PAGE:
Gameela Ismail is an Egyptian politician, activist, media presenter and Co-founder/leading member of Egypt’s Al Dostour political party. She is the creator, director, and producer of the self-filmed “Hekayat Gameela,” or “Gameela’s Stories”. Gameela was named 39th in a list of the 200 most powerful Arab women by Arabian Business magazine in 2017.


She is one of the founders of Medina, an online media platform that launched in 2016, and the platform on which “Hekayat Gameela” is published. “Hekayat Gameela” is a series of short films written, filmed and directed by Gameela, with her smartphone. The program is the first of its kind to be produced in Arabic, paving the way regionally for the concept of ‘Personal TV.’ The program and its concept won first place in MBC HOPE Competition in Dubai in 2017 for the best documentary work empowering women and society.

In 2011, Newsweek named Gameela as one of the world’s 150 most influential women. In 2012 BBC called her a ‘Sister of the Revolution,’ along with three other Egyptian women. In 2015, Gameela was voted the most important and influential Arab politician in a CNN poll. In 2016, she was rated as 180th out of the 250 most influential women in the world on social media, which looked at Facebook and Twitter accounts. In the Media: Gameela has worked in the media since her graduation in 1986.
She was a stringer /correspondent for Newsweek in Cairo for about 20 years, where she specialized in covering political Islam and terrorism issues. Later, she worked with Thomson Reuters, Cairo Today Magazine. During her years in the media, Gameela has presented a number of television programs on Egyptian TV and has received awards for her uniqueness in portraying the voices of the people through her street programs. Gameela hosted the political TV  program “E3adet Nazar” or “A Reflective Look,” on Al Nahar channel after 2011’s Egypt’s Revolution.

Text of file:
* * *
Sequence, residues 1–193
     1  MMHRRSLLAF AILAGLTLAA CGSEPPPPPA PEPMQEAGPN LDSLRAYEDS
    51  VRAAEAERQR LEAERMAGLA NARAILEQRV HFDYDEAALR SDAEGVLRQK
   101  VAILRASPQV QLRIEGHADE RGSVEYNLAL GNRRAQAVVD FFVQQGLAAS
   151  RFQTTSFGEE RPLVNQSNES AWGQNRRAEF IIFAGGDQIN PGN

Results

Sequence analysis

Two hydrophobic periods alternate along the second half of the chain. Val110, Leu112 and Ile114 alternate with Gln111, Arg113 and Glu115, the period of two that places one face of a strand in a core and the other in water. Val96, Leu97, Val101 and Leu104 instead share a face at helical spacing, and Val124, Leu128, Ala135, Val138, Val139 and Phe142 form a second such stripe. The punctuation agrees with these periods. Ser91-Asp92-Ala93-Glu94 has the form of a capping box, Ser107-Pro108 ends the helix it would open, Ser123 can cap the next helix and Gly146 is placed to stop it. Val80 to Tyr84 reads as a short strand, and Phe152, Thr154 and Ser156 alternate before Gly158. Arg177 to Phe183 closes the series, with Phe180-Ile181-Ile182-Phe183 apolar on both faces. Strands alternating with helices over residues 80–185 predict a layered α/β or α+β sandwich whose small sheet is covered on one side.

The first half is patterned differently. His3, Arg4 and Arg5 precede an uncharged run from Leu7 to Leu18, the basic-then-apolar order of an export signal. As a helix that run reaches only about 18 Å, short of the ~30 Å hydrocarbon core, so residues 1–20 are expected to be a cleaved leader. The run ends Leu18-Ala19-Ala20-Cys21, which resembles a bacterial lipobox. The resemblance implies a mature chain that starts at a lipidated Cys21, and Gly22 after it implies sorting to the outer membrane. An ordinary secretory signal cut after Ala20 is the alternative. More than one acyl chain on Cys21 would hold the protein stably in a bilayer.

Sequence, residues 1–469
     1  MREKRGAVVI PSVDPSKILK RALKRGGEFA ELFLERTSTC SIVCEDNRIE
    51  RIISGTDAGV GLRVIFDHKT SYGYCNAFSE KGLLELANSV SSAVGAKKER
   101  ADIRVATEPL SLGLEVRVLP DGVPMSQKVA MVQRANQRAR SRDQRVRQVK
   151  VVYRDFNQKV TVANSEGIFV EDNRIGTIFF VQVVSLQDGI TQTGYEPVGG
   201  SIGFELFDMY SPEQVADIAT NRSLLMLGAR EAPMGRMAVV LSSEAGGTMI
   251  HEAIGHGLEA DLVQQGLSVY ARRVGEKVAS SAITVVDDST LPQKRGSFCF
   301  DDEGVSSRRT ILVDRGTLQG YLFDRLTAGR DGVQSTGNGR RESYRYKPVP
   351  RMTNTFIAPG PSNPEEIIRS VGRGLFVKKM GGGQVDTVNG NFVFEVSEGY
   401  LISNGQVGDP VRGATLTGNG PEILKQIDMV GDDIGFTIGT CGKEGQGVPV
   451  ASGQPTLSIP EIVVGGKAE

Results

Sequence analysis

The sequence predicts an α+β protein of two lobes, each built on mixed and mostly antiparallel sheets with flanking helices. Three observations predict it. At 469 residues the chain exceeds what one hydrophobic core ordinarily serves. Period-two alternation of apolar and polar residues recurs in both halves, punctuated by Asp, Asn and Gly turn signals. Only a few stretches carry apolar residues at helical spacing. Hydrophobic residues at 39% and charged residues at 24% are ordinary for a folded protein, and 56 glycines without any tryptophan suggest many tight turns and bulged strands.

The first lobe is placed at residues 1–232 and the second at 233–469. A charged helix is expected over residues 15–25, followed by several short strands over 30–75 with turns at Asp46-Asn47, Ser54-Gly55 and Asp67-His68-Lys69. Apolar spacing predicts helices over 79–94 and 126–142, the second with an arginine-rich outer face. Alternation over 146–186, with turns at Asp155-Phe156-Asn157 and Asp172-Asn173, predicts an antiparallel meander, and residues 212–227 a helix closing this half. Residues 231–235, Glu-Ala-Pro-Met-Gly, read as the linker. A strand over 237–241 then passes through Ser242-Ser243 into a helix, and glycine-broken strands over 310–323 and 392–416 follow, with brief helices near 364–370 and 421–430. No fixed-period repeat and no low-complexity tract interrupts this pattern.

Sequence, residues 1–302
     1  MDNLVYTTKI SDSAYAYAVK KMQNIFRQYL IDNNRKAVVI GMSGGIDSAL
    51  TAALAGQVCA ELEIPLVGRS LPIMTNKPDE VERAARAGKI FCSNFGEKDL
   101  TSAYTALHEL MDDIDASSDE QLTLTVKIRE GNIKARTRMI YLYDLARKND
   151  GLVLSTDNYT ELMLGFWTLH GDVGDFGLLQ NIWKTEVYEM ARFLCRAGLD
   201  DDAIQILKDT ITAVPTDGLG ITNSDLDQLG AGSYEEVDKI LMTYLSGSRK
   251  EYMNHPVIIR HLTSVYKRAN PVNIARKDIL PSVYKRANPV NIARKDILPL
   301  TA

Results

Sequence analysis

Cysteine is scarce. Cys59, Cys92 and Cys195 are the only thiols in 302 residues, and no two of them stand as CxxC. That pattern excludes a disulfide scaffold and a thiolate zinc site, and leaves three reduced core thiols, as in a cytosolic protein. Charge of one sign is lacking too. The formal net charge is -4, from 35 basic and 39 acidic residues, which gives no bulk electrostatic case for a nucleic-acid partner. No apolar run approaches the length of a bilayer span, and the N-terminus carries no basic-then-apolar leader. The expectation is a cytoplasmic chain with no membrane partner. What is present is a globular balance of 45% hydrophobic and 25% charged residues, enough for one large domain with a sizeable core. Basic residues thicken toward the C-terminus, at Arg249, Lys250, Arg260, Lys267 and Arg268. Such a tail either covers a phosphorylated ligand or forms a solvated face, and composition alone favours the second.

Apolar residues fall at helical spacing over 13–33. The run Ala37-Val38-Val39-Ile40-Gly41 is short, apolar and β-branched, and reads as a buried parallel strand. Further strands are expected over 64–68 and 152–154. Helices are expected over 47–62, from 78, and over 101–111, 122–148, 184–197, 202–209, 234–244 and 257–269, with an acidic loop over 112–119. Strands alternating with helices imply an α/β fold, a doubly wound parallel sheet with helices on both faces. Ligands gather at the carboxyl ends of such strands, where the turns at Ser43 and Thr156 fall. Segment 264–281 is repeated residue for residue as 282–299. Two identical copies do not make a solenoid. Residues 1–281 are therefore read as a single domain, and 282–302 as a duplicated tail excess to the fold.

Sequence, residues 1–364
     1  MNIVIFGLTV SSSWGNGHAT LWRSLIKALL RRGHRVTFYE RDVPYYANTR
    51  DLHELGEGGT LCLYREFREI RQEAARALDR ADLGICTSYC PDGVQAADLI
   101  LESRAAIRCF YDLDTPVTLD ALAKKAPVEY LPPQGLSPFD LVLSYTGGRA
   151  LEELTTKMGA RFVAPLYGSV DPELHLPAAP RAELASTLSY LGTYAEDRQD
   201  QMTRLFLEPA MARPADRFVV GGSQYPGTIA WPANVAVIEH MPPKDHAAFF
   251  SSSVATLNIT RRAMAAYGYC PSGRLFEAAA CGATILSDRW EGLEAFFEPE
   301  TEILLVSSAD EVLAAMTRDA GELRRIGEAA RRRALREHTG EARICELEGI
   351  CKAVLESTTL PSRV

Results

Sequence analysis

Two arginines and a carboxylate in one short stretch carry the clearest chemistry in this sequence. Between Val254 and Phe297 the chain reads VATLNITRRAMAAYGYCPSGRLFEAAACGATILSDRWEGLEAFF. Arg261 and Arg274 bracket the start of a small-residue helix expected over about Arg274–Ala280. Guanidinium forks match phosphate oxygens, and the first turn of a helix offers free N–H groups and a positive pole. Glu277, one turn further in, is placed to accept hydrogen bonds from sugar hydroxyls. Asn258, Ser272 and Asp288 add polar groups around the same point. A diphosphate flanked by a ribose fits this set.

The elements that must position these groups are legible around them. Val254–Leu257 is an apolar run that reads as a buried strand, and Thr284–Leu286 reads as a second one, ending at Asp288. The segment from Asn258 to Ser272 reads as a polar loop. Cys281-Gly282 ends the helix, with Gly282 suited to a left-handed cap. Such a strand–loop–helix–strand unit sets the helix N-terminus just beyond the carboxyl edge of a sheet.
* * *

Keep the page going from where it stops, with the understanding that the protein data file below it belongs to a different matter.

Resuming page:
Politics and Activism: Gameela is a founding and leading member of “Al Dostour” political party and a former parliamentary candidate. She has been politically active since 2001, when she ran for parliament in the constituency of downtown Cairo. She went through numerous political battles and took part in founding most of the movements calling for political change and defying the inheritance of presidential rule. Gameela was among the first to call for 2011’s Egyptian revolution. She participated in the establishment of Al Dostour and served as the party’s organisation Secretary in 2012.
Watch her recent documentary on COVID-19, titled: Normal or Neo-Normal fear? - The fear trilogy - Part 1 - Beautiful stories.

Gameela’s Stories

Gameela’s Stories is a video-based project hosted by the online platform Medina. Our series started with a simple idea: we wanted to tell the stories of another Cairo, a parallel city living at the margins of concentrated power and wealth, a city populated by millions of people whose stories were of no interest to the establishment media. Our concept is inspired by a zero-cost, zero-crew, low-equipment model. Armed with her smartphone, Gameela Ismail travels around Cairo to hear the stories of ordinary citizens, letting them talk at length in front of her camera, respecting their voices and integrity, bringing a genuine and refreshing conversation beyond clichés and stereotypes into the online world.